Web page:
Jan. 17 - Reports suggest hostages, among dozens of locals and foreigners held at an Algerian oil plant, have escaped, while some others have been killed in an air strike by Algerian forces. Simon Hanna reports.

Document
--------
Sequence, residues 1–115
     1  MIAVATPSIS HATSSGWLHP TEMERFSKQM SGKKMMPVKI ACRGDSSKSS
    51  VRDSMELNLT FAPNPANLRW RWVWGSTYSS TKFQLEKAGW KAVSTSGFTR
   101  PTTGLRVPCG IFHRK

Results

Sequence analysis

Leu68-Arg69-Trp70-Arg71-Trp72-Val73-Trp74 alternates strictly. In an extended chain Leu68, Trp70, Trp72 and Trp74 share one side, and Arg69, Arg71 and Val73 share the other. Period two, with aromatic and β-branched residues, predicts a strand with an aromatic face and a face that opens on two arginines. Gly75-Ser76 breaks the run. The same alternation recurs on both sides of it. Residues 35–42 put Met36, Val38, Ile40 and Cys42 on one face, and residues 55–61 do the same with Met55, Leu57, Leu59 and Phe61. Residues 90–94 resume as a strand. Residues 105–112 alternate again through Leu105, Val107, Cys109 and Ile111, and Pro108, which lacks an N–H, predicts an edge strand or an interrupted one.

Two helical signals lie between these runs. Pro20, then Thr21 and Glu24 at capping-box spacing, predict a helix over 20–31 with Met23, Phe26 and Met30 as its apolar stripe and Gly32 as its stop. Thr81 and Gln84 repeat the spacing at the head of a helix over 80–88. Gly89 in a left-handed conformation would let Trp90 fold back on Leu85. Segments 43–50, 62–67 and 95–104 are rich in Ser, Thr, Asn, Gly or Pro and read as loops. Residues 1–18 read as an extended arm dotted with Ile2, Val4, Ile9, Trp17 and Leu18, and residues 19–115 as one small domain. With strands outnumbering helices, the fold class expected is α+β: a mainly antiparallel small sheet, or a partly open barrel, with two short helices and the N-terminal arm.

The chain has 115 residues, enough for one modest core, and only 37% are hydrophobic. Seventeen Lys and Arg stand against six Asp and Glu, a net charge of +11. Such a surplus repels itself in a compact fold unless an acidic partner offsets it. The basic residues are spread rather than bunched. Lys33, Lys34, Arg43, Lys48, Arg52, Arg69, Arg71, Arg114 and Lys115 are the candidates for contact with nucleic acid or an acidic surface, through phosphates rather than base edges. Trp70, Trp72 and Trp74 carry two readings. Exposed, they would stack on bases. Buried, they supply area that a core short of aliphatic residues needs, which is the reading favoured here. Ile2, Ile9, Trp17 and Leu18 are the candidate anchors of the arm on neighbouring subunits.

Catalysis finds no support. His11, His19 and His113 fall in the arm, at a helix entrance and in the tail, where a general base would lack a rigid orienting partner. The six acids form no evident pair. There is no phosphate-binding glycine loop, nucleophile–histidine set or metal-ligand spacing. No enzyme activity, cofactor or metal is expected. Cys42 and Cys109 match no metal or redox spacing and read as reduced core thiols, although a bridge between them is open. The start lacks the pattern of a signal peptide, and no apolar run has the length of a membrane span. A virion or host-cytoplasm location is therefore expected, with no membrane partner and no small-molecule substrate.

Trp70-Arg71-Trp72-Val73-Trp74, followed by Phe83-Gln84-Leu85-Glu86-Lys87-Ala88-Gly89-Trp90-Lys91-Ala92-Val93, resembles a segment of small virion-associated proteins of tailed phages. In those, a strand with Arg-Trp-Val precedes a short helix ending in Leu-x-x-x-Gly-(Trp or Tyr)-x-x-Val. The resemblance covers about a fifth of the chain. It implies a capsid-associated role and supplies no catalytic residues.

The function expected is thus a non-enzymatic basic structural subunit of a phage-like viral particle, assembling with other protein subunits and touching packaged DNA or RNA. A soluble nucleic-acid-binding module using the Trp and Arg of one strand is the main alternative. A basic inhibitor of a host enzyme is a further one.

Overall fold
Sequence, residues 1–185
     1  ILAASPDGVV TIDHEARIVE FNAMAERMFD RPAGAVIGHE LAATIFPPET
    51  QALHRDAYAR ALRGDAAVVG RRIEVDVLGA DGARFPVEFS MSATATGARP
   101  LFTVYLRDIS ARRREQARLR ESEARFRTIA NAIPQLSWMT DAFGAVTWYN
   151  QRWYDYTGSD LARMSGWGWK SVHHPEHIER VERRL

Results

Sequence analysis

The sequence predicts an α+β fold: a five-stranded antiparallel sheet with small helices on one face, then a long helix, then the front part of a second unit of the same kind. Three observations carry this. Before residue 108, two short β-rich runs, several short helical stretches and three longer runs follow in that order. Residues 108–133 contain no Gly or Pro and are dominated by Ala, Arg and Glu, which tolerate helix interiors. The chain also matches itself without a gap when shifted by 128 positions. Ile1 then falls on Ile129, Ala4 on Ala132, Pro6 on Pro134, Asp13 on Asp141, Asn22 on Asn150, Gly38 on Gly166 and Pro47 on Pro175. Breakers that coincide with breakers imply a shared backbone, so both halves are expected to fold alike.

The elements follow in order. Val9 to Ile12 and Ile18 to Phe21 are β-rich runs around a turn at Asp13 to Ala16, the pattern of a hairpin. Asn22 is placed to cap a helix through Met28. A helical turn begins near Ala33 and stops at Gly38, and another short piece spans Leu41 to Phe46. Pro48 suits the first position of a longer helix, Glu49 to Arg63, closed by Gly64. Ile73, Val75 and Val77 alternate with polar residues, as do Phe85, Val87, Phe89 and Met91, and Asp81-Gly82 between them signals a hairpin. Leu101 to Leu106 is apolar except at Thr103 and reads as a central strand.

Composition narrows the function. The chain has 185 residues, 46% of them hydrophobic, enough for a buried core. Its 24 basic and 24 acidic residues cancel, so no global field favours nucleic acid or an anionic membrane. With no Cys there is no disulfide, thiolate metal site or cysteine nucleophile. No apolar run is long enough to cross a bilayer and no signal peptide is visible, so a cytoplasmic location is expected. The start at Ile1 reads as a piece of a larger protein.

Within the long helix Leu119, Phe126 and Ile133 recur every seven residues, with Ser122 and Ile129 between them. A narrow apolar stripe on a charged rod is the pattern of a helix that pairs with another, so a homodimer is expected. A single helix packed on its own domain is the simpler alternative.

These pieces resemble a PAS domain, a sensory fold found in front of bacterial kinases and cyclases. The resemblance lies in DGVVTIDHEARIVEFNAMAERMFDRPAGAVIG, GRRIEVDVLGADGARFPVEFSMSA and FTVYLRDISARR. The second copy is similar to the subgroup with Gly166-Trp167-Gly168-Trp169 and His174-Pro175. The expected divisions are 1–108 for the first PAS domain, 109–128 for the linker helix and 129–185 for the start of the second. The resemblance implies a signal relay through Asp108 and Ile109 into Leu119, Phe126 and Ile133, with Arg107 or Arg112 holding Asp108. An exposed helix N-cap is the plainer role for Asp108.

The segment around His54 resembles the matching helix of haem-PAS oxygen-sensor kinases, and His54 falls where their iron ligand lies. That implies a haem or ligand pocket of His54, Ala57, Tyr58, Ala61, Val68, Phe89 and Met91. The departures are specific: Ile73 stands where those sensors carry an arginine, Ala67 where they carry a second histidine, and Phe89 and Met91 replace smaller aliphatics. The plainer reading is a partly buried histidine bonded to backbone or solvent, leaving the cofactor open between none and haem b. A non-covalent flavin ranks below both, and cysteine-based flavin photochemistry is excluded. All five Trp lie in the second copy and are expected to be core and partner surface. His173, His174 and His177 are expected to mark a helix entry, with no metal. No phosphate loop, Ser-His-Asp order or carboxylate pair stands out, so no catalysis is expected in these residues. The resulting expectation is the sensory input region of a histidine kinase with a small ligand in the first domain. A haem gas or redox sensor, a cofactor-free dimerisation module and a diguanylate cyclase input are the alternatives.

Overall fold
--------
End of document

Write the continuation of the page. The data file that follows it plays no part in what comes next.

A remote natural gas plant deep in the Algerian Sahara, now the site of an international crisis. Gunmen stormed the location before dawn on Wednesday, killing a reported three people and taking dozens hostage - including foreign nationals: Americans, Japanese and Europeans. The perpetrators are al Qaeda-linked fighters, who say they are acting in response to France's military intervention in Mali's civil war. On Thursday world leaders came out in condemnation of the attack. Japanese Prime Minister Shinzo Abe. (SOUNBITE) (Japanese) JAPANESE PRIME MINISTER SHINZO ABE: "Firstly, I would like to say that these kinds of acts are absolutely unforgivable. After hearing the news last night, I gave out these three orders: First- act giving priority to the lives of the people. Second, gather as much information as possible, and third coordinate as closely as possible with the relevant nations." British Foreign Secretary William Hague strongly condemned the hostage takers who killed at least one Briton. (SOUNDBITE) (English) BRITISH FOREIGN SECRETARY WILLIAM HAGUE: "There is no excuse for such behaviour, whatever excuse they may claim. It is absolutely unacceptable of course. It is in this case the cold blooded murder of people going about their business. So there is no excuse whether it be connected to Libya, Mali or anywhere else." By the middle of Thursday local time a series of fast moving events were reportedly underway, including that Algerian forces were storming the plant.